Archives: Surveillance

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H&M Receives Record-Breaking Fine for Employee Surveillance in Violation of the GDPR

On October 1, 2020, the Hamburg Data Protection Authority (“Hamburg DPA”) fined H&M, the Swedish clothing company, over €35 million for illegally surveilling employees at its service center in Nuremberg.  This fine is the largest financial penalty issued by a German DPA to date for a violation of the European General Data Protection Regulation (“GDPR”), … Continue Reading

Lawful Access to Encrypted Data Act Introduced

Senators Lindsey Graham (R-S.C.), Tom Cotton (R-Ark.) and Marsha Blackburn (R-Tenn.) have introduced the Lawful Access to Encrypted Data Act, a bill that would require tech companies to assist law enforcement in executing search warrants that seek encrypted data.  The bill would apply to law enforcement efforts to obtain data at rest as well as … Continue Reading

United States v. Moore-Bush: No Reasonable Expectation of Privacy Around the Home

On June 16, 2020, the First Circuit released its opinion in United States v. Moore-Bush.  The issue presented was whether the Government’s warrantless use of a pole camera to continuously record for eight months the front of Defendants’ home, as well as their and their visitors’ comings and goings, infringed on the Defendants’ reasonable expectation … Continue Reading

EDPB Issues New Guidance on the Use of Location Data and Contact Tracing in the Context of the COVID-19 Outbreak

As we anticipated in a previous blog post, on April 22, 2020, the European Data Protection Board (“EDPB”) issued new guidelines on the use of location data and contact tracing apps in the context of the present COVID-19 pandemic. The EDPB’s new guidelines complement and build on similar guidance previously issued by the Board itself … Continue Reading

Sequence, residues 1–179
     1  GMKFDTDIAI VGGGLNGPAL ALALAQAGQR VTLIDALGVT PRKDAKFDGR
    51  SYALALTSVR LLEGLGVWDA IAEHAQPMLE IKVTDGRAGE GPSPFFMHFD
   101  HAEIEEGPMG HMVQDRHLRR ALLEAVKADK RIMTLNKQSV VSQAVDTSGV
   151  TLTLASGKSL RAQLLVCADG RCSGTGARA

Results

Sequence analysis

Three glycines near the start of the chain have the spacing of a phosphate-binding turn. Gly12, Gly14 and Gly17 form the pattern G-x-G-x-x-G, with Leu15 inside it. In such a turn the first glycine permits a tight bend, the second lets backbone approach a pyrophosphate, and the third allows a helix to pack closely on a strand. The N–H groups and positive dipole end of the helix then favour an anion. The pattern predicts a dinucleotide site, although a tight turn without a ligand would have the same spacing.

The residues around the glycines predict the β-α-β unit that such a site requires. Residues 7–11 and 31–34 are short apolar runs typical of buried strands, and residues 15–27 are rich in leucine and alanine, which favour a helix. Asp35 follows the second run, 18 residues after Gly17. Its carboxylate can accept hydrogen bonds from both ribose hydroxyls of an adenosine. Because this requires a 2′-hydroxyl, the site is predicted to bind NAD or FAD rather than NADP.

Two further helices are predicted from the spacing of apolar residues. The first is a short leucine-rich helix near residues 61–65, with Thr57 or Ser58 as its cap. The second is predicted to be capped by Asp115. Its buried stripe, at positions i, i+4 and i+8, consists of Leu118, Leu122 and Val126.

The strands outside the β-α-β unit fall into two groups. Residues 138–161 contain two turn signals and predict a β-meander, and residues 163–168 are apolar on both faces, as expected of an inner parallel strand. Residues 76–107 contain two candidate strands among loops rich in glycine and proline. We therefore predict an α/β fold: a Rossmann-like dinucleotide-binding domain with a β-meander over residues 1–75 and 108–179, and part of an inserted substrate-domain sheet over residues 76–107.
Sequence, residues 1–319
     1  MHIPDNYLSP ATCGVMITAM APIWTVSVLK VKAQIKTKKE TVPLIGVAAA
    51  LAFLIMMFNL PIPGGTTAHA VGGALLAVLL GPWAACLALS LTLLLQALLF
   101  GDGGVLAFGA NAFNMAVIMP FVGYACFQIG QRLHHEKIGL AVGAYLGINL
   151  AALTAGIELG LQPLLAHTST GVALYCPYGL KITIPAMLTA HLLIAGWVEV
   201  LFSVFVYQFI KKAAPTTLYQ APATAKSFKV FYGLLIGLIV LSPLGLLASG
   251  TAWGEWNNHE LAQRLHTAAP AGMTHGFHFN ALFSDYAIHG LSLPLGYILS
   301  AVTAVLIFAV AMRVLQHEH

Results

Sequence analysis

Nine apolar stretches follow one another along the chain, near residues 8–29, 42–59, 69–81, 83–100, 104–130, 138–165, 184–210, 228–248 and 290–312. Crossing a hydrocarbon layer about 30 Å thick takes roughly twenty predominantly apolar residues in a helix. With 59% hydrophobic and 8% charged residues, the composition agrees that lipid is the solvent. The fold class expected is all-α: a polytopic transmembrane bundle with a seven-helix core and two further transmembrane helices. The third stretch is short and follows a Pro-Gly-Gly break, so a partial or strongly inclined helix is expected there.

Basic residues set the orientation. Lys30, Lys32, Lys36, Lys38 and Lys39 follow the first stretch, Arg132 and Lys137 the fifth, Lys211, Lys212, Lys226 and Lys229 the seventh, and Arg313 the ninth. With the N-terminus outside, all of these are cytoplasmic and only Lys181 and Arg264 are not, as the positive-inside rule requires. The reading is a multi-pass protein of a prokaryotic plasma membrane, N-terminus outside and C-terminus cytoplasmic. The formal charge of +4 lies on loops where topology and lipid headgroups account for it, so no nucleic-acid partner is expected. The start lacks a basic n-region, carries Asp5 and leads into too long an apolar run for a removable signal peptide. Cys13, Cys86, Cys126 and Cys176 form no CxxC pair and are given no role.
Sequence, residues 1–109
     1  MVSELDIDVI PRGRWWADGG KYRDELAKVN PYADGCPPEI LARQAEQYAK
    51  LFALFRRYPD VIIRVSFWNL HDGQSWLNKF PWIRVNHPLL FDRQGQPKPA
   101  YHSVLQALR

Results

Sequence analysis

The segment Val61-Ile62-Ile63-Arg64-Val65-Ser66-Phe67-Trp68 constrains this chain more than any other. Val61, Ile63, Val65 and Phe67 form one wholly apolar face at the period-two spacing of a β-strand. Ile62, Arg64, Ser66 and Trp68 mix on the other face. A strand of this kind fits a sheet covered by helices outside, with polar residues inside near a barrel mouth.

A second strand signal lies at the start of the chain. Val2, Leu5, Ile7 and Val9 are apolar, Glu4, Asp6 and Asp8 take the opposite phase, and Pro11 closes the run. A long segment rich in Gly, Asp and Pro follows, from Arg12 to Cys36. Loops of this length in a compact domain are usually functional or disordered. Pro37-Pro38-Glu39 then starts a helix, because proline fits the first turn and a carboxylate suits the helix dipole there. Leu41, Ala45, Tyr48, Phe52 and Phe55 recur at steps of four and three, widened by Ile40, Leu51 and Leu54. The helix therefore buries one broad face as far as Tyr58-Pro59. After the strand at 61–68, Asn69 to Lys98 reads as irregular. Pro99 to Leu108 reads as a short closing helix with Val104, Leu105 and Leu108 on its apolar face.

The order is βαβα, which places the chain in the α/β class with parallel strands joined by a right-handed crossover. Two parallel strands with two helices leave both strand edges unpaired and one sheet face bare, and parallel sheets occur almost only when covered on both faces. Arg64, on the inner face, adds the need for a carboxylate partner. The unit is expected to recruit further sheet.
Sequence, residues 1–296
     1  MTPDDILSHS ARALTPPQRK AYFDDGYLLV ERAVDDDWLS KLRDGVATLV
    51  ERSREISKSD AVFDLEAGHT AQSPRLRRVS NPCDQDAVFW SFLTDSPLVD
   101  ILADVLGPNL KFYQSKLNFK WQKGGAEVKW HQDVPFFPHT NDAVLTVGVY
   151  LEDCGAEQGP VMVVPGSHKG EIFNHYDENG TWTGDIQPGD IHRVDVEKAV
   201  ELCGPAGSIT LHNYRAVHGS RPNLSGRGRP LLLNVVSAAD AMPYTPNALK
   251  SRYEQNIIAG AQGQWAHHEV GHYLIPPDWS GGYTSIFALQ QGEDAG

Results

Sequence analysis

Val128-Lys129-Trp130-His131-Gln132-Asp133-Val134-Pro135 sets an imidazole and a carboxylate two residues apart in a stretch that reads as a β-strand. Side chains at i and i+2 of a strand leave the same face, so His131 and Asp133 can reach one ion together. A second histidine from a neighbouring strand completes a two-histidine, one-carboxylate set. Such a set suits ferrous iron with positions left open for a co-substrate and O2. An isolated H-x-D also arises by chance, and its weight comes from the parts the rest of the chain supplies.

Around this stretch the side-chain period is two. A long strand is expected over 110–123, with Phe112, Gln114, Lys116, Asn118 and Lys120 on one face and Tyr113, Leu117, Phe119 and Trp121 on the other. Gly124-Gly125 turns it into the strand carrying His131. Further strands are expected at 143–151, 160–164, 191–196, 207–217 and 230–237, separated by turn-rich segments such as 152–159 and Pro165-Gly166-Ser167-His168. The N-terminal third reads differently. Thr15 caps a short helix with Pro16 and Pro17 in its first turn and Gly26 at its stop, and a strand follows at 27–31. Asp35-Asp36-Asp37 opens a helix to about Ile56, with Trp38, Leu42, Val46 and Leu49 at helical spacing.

EU Commission Releases Guidance on COVID-19 Apps

On 8 April 2020, the European Commission adopted a recommendation on a common European Union toolbox for the use of technology and data to address the COVID-19 crisis (“Recommendation”).  The Recommendation responds to calls for a common EU approach to the use of mobile apps in combatting COVID-19—one that improves the efficacy of the technology … Continue Reading

District of Massachusetts Holds that Suspicionless Searches of Travelers’ Electronic Devices at U.S. Ports of Entry Violates the Fourth Amendment

Last week, in Alasaad v. McAleenan, the U.S. District Court for the District of Massachusetts ruled that the Fourth Amendment requires reasonable suspicion that a traveler is carrying contraband in order to search a traveler’s smartphone or laptop at airports and other U.S. ports of entry.  Judge Denise J. Casper’s decision relied on Riley v. … Continue Reading

AI/IoT Update: UK’s Information Commissioner Issues Opinion on Use of Live Facial Recognition Technology by Police Forces

On October 31, 2019, Elizabeth Denham, the UK’s Information Commissioner issued an Opinion and an accompanying blog urging police forces to slow down adoption of live facial recognition technology and take steps to justify its use.  The Commissioner calls on the UK government to introduce a statutory binding code of practice on the use of … Continue Reading

UK Court upholds police use of automated facial recognition technology

R (on the application of Edward Bridges) v The Chief Constable of South Wales [2019] EWHC 2341 (Admin) Case Note Introduction In Bridges, an application for judicial review, the UK High Court (Lord Justice Haddon-Cave and Mr. Justice Swift) considered the lawfulness of policing operations conducted by the South Wales Police force (“SWP”) which utilised … Continue Reading

Coercive and Non-Coercive Surveillance Authorities

When the U.S. government conducts electronic surveillance, there are a variety of legal authorities on which it relies.  The Wiretap Act, for example, authorizes the government to conduct live telephone wiretaps in certain criminal investigations; for electronic data, the Act also permits the government to acquire electronic communications in real time.  The Stored Communications Act … Continue Reading
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